Facing high suicide rates, Chicago police have decided to make a change. The fifth Chicago police suicide over the past six months—another self-inflicted gunshot wound on Tuesday—only reinforced the need for officers to have access to better psychological counseling and support, NBC News reports. "Police officers think, 'I'm the person that people go to when they're having issues, so how am I supposed to call somebody else for myself?'" says Carrie Steiner, a clinical psychologist and former officer who owns the First Responders Wellness Center. "But they need to understand that it's OK to get help for themselves, too." Along those lines, the city says it will hire six extra counselors for police (to make 11 in all), enlarge a peer support program, and bring more clergy into the chaplains' ministry.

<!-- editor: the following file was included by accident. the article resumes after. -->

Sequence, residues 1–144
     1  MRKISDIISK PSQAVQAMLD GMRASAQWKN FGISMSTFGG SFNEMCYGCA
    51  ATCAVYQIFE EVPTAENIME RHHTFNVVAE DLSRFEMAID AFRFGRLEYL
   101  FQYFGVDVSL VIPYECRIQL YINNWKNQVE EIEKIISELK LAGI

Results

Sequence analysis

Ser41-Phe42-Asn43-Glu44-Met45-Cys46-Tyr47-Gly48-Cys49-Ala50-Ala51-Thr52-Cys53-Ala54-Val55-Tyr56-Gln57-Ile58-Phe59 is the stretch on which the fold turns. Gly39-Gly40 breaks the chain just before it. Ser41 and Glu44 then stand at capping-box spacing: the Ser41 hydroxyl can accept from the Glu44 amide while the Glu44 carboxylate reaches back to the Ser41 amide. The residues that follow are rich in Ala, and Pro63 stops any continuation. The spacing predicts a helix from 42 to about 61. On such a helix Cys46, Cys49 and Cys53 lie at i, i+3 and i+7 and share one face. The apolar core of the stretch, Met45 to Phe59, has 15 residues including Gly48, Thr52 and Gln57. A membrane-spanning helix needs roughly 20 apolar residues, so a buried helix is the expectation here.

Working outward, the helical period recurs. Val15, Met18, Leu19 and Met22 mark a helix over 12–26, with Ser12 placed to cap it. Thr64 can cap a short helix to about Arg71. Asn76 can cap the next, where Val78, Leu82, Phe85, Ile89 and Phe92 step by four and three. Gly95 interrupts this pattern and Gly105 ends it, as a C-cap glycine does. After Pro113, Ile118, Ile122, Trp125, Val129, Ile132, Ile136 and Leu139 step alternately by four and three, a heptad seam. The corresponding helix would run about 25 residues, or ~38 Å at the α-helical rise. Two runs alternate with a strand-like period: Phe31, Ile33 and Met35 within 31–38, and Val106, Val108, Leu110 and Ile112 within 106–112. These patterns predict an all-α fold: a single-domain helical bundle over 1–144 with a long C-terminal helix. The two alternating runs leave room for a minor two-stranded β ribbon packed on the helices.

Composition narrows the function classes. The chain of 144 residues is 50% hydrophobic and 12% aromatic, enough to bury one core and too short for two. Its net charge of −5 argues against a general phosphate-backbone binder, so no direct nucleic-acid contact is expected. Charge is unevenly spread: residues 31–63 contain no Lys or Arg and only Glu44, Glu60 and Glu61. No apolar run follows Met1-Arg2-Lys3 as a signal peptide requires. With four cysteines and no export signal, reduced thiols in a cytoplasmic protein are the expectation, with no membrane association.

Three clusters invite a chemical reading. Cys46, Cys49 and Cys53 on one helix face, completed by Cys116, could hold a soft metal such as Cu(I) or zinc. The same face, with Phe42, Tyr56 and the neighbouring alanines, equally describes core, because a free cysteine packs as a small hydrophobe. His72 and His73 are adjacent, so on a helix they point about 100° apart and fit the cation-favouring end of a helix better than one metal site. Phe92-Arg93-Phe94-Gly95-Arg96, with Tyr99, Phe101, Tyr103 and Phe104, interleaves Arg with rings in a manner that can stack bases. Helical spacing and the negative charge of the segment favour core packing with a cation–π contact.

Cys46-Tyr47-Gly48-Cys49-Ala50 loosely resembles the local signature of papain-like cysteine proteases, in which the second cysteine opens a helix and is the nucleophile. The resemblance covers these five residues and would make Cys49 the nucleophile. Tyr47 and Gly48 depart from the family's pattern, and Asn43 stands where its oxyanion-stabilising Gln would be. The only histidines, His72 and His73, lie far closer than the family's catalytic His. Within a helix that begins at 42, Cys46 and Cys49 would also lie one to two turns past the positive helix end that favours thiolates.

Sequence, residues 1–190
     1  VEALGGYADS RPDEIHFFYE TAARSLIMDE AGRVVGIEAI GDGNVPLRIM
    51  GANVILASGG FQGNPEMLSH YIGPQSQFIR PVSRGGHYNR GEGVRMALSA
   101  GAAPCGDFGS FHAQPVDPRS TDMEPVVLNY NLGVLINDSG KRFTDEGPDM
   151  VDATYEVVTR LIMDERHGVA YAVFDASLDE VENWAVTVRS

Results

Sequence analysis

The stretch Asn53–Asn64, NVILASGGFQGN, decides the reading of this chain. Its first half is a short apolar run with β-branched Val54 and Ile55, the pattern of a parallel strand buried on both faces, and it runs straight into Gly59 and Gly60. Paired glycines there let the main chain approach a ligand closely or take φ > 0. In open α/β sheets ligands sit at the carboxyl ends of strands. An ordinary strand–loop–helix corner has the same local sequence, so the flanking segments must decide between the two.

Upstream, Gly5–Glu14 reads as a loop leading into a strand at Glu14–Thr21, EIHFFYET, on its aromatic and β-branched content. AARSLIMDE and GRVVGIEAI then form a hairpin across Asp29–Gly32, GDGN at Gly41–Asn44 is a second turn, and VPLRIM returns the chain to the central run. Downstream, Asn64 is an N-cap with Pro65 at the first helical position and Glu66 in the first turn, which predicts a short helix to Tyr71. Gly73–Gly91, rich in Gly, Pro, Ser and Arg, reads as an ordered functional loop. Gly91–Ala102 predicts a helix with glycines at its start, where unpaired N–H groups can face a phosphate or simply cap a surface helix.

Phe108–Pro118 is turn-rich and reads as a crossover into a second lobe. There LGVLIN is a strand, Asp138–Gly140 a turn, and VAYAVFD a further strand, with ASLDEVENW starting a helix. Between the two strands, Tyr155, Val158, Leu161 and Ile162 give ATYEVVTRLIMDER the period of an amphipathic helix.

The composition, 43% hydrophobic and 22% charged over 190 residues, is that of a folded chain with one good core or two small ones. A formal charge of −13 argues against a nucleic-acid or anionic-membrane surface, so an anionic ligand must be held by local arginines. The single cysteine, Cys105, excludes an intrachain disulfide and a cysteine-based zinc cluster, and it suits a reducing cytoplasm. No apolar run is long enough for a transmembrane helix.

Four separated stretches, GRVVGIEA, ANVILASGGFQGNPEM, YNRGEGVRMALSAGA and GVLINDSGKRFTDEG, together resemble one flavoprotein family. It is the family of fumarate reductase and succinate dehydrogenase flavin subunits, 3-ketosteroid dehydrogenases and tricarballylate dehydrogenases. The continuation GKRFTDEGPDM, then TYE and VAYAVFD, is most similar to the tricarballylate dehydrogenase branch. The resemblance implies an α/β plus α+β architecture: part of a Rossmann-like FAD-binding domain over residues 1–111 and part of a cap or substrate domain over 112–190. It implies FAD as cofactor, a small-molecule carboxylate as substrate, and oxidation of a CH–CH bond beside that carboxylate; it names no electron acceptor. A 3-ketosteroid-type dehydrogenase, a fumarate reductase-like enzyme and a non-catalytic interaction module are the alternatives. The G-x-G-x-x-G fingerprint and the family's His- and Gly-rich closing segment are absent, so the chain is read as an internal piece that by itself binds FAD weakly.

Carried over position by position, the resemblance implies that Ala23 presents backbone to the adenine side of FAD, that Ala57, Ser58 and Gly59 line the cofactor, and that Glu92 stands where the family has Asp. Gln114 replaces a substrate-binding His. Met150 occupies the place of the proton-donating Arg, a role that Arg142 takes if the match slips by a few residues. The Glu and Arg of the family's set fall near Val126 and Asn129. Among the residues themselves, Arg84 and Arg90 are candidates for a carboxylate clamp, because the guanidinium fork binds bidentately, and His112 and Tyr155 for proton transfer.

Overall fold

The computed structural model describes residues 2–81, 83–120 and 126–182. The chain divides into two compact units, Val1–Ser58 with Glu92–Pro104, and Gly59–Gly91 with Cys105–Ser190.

The move follows years of awareness that Chicago police face a tough ride. A 2017 Department of Justice report found Chicago officers were 60% more likely to commit suicide than other cities' police, at a time when the force had only three counselors for a force of roughly 13,500 (Dallas has the same number for a staff of about 3,500). Add to that Chicago's high violence rates, negative police portrayals in the media, and the recent conviction of a city cop for killing black teenager Laquan McDonald, and Steiner says you have low morale. Then come the suicides: "No one knows with certainty why someone makes such a tragic decision," said the Fraternal Order of Police after Chicago Officer Dane Anthony Smith, 36, killed himself Tuesday, per CBS News Chicago. "We are all left with a gaping hole in our lives." (Read more police stories.)